Dynamics of Politically Alienated Youth in Gilgit-Baltistan

It is evident from the political dynamics in Gilgit-Baltistan that there is little space for lower- and middle-class youth in politics, as all mainstream political parties in Pakistan continue to exploit and waste their potential

Dynamics of Politically Alienated Youth in Gilgit-Baltistan

"Give the young, O Lord, my passionate love for Thee, and give them an eagle's force to fly and to see"
Allama Iqbal prays to Allah

The youth are the powerhouse of any nation, and their identity and role as citizens are manifest for a nation's prosperity and sustainable future. The proverbial youth bulge has contributed to many developments at the global level in the present, recent past and history of the world. For example, in American civil rights moments from 1946-68, young leaders like then-23-year-old John Lewis led a civil rights march, and his historic speech at Washington in 1963 fuelled civil rights and social justice movements in the USA.

Whether it was the 2014 Umbrella movement in Hong Kong led by students, or Greenham's common peace activism in the 1980s, where young females came to the front and thwarted the installation of cruise missiles that could have brought the world closer to war, the success of any rights movement is dependent on the role performed by the In the northern territory of Gilgit-Baltistan (GB), it was during the liberation movement of Gilgit-Baltistan that prominent leader, Col. Mirza Hasan Khan, only 28-years-old at the time, led a liberation force and declared independence from the Dogra Raj, while forcing the surrender of Governor Gansara Singh with the support of local youth and elders.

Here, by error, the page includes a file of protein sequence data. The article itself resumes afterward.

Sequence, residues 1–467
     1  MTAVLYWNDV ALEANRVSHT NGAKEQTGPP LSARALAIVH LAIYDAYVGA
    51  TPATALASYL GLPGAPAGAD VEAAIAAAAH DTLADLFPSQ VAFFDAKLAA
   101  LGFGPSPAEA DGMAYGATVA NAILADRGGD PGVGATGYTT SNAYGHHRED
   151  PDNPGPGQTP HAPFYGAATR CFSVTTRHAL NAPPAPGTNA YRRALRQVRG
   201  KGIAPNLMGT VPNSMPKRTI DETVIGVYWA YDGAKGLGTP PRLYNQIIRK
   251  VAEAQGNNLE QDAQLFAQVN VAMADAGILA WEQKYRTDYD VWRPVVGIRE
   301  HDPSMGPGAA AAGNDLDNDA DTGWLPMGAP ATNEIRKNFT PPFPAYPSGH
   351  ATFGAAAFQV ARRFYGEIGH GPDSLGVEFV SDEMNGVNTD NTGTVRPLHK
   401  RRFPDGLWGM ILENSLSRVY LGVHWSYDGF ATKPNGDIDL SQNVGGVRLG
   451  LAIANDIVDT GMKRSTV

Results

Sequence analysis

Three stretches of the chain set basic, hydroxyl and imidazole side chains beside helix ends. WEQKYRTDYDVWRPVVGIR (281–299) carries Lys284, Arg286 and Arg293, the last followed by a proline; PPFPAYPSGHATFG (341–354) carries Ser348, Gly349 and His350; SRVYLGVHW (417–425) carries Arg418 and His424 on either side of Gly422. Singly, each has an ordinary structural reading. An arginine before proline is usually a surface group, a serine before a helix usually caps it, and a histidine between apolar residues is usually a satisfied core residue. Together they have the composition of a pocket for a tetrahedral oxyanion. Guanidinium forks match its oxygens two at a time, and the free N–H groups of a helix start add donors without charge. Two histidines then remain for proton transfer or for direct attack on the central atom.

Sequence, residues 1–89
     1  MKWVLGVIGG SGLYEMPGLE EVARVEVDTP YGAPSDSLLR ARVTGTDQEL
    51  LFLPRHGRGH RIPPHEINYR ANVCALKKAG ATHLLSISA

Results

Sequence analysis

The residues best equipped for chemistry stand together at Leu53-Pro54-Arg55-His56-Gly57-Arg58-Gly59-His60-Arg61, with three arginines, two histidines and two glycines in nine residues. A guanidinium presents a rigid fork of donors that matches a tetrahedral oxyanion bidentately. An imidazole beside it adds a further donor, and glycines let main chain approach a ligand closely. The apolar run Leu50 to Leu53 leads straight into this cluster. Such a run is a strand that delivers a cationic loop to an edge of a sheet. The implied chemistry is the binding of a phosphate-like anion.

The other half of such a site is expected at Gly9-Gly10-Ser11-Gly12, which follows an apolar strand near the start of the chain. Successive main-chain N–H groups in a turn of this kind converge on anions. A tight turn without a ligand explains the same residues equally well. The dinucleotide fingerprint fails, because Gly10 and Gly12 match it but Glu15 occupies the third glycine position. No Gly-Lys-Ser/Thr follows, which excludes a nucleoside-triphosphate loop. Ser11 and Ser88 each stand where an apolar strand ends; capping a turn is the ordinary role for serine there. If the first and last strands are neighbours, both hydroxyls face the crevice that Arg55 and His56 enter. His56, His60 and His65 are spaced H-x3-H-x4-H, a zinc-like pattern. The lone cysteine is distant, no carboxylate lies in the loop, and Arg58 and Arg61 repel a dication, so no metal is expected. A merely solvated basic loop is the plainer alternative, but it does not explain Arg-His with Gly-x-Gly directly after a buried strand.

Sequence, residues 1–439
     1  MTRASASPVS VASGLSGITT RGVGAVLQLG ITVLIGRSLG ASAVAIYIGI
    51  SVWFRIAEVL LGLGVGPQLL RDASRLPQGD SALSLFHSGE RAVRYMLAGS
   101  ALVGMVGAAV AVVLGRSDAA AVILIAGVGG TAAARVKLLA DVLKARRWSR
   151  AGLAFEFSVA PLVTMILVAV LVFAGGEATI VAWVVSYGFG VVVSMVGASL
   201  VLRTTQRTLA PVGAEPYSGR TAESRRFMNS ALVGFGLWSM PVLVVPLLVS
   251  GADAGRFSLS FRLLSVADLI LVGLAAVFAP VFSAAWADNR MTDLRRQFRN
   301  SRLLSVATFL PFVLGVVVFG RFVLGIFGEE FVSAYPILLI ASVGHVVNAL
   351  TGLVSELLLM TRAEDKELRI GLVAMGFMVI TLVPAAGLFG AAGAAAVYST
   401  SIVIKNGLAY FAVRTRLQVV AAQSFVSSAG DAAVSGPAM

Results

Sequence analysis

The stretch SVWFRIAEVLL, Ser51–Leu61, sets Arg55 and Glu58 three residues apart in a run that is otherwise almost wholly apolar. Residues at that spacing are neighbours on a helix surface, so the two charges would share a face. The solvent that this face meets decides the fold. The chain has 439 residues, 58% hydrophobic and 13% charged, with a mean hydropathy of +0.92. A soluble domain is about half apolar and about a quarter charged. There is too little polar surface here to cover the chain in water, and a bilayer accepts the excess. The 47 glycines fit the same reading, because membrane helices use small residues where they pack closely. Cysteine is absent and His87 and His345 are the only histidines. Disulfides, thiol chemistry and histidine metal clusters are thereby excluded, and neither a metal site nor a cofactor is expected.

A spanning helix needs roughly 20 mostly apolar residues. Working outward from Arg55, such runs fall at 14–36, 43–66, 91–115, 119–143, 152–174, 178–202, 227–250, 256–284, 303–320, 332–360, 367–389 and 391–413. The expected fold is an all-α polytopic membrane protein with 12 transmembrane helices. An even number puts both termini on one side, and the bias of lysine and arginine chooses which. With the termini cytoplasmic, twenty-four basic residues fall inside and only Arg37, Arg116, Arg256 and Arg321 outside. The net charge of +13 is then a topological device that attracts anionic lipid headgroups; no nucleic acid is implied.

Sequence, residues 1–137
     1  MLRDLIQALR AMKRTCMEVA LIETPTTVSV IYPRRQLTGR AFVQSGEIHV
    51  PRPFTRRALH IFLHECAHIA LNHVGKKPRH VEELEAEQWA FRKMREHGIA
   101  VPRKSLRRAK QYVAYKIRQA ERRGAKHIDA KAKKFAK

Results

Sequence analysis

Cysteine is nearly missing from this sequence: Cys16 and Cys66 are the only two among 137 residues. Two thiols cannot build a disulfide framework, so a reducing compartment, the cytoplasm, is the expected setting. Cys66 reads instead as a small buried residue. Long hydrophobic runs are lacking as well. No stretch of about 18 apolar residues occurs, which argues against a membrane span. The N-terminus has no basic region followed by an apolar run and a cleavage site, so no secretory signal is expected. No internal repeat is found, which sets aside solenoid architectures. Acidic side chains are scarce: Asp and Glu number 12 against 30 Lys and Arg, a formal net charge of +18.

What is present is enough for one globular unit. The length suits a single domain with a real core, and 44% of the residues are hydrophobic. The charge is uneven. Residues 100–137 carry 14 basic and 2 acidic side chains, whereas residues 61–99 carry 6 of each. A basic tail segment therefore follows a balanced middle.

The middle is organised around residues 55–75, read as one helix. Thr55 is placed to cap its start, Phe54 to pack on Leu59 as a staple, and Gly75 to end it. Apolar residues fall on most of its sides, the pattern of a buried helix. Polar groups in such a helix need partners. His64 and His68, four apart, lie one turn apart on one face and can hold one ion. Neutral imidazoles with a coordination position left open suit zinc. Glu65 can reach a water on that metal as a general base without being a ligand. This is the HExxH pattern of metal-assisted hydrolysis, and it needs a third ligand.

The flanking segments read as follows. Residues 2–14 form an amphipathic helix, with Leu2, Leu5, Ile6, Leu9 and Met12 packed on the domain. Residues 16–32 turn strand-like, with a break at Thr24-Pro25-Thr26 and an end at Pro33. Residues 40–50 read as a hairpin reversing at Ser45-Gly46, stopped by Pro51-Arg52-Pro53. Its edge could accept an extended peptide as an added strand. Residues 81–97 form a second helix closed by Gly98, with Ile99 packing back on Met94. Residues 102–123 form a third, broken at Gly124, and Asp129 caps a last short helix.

Today, the young population of Gilgit-Baltistan has been pursuing cases of identity crisis at all forums, including on the national mainstream media and international news media, through the wisdom reflected in their writings, speech and democratic means. These were the very youth who resisted and denounced black laws such as the FCR (Frontier Crimes Regulation). The quest of Gilgit-Baltistan's youth to pursue democracy is not new; they have been staunchly hoping and struggling for democracy and the rule of law in Gilgit-Baltistan, as other nations do.